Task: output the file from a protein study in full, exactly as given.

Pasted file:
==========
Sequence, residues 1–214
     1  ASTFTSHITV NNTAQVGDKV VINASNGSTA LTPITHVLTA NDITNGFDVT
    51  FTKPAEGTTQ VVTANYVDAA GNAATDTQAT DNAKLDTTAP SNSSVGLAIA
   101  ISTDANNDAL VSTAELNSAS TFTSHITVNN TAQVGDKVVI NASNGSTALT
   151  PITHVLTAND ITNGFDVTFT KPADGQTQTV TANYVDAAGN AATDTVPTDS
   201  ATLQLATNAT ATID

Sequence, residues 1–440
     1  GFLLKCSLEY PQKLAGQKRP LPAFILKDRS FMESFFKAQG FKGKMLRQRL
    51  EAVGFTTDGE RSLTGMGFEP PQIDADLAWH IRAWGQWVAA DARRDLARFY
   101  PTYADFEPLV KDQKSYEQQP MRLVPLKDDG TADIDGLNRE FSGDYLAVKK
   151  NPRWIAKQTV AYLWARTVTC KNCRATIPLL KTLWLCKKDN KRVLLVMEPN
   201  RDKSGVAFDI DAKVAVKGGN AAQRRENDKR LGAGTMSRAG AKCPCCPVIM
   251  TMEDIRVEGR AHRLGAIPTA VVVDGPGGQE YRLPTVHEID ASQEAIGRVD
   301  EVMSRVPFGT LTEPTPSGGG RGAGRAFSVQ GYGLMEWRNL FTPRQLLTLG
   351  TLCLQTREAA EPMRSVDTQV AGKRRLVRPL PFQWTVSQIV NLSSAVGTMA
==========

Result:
Sequence, residues 1–214
     1  ASTFTSHITV NNTAQVGDKV VINASNGSTA LTPITHVLTA NDITNGFDVT
    51  FTKPAEGTTQ VVTANYVDAA GNAATDTQAT DNAKLDTTAP SNSSVGLAIA
   101  ISTDANNDAL VSTAELNSAS TFTSHITVNN TAQVGDKVVI NASNGSTALT
   151  PITHVLTAND ITNGFDVTFT KPADGQTQTV TANYVDAAGN AATDTVPTDS
   201  ATLQLATNAT ATID

Sequence, residues 1–440
     1  GFLLKCSLEY PQKLAGQKRP LPAFILKDRS FMESFFKAQG FKGKMLRQRL
    51  EAVGFTTDGE RSLTGMGFEP PQIDADLAWH IRAWGQWVAA DARRDLARFY
   101  PTYADFEPLV KDQKSYEQQP MRLVPLKDDG TADIDGLNRE FSGDYLAVKK
   151  NPRWIAKQTV AYLWARTVTC KNCRATIPLL KTLWLCKKDN KRVLLVMEPN
   201  RDKSGVAFDI DAKVAVKGGN AAQRRENDKR LGAGTMSRAG AKCPCCPVIM
   251  TMEDIRVEGR AHRLGAIPTA VVVDGPGGQE YRLPTVHEID ASQEAIGRVD
   301  EVMSRVPFGT LTEPTPSGGG RGAGRAFSVQ GYGLMEWRNL FTPRQLLTLG
   351  TLCLQTREAA EPMRSVDTQV AGKRRLVRPL PFQWTVSQIV NLSSAVGTMA